Caracas–As part of the revolutionary Bolivarian government’s program of building popular involvement in decision-making, the First Social Parliament of the Streets was held on August 26 in the grounds of the Federal Legislative Palace. A large crowd gathered to hear addresses from National Assembly (AN) deputies, including the assembly’s president Cilia Flores, and to discuss a number of important pieces of legislation that had recently been before the parliament.
The official publicity for the event described the Parliament of the Streets as “an expression of participative democracy, offered by the deputies elected on December 4 last year; a commitment between the National Assembly and the people … [It is] no more than the deepening of the democracy in which the deputies are converted into promotors of the search for answers to the demands of the community, in the process of constructing popular power.”
It continued by explaining that “the National Assembly, the fundamental parliament of the country, is making a leap forward in beginning to transfer its authority to popular power. That is to say, the legislative power is building and strengthening, together with the people, a national network of public consultation on all the themes and laws that are in discussion, directed by the constitution of the Bolivarian Republic of Venezuela.”
A major session at the event discussed the Law for the Protection of Children and Adolescents, and agreed to create a ministry for family and child protection. This followed six months of discussion between the AN deputies and the Council for the Rights of the Child, which concluded with the debate being forwarded to the regions to allow the participation of children themselves.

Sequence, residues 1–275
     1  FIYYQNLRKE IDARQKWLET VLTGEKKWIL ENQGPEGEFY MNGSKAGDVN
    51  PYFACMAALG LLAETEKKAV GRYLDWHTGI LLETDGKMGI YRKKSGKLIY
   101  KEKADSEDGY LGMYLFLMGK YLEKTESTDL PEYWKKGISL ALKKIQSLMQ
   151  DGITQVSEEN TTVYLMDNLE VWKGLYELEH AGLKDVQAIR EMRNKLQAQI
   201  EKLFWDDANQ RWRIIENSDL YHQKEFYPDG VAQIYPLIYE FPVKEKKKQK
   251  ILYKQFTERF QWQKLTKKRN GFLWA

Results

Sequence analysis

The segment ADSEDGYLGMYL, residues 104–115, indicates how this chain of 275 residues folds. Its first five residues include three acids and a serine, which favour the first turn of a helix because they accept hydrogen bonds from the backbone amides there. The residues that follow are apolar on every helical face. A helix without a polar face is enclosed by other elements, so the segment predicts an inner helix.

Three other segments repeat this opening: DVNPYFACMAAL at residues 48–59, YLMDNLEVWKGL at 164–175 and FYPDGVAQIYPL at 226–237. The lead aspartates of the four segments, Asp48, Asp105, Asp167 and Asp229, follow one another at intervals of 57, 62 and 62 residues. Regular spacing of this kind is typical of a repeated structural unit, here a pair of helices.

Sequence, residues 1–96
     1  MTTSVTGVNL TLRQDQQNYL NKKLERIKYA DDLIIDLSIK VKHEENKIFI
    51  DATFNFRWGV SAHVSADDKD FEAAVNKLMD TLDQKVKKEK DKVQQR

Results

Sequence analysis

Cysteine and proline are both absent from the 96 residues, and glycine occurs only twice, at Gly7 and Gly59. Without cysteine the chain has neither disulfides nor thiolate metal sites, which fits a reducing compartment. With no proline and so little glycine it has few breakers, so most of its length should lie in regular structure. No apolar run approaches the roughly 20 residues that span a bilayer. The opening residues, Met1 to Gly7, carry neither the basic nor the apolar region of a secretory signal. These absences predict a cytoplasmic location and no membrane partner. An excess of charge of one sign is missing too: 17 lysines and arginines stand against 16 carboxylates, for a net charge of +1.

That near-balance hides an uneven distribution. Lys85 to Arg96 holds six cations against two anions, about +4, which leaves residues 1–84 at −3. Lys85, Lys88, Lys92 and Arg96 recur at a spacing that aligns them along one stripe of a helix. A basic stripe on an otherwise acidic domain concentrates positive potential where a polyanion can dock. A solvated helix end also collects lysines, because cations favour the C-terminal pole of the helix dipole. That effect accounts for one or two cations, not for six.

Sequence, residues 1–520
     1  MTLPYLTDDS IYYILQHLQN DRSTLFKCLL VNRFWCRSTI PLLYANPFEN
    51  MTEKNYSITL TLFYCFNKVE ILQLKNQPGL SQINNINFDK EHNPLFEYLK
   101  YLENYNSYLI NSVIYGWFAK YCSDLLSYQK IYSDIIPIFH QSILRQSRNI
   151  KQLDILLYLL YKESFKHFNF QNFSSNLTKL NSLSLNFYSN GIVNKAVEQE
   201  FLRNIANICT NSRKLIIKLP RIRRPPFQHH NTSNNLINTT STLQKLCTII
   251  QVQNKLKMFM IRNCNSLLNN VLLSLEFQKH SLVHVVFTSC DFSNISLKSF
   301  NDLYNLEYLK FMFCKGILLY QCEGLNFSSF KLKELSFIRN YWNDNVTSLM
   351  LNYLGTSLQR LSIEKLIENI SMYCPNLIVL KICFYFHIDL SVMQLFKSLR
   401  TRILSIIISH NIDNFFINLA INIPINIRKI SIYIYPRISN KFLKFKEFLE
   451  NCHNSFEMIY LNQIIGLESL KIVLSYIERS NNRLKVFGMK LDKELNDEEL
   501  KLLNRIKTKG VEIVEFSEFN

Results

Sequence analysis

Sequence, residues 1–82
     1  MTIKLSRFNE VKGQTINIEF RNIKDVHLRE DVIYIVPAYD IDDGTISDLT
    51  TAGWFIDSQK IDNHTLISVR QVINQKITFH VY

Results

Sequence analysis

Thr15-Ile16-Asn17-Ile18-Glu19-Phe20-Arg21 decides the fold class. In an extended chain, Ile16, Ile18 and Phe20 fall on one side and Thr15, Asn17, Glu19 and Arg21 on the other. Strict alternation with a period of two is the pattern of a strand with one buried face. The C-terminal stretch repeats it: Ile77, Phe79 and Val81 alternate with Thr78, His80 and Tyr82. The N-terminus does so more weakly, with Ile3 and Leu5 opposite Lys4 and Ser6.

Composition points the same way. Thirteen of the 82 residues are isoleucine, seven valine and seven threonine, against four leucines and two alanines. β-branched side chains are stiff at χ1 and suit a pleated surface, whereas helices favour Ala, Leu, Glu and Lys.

Another important session involved the law for protecting women and for a woman’s right to a life without violence. According to the August 27 Ultimas Noticias, NA deputy Flor Rios explained that prior discussions on the new law had taken place with representatives of 35 non-government organisations, the attorney-general’s department, the people’s defender and the National Institute of Women.
More than 250 people attended a session to discuss the law on citizens’ participation and popular power, and after considerable debate, decided to call for the holding of another meeting to further analyse the proposals. In regard to the law on the Communal Councils, it was suggested that the link between the executive and the councils be strengthened.
Other sessions held during the Parliament of the Streets that attracted interest included one on the Law for the Protection of Incapacitated Persons, which put forward the demand that all businesses must have disabled people as 5% of their employees. A further session discussed a plan for what was described as a “revolution” in the organisation of sports and physical education in Venezuela.
Originally published at: Green Left Weekly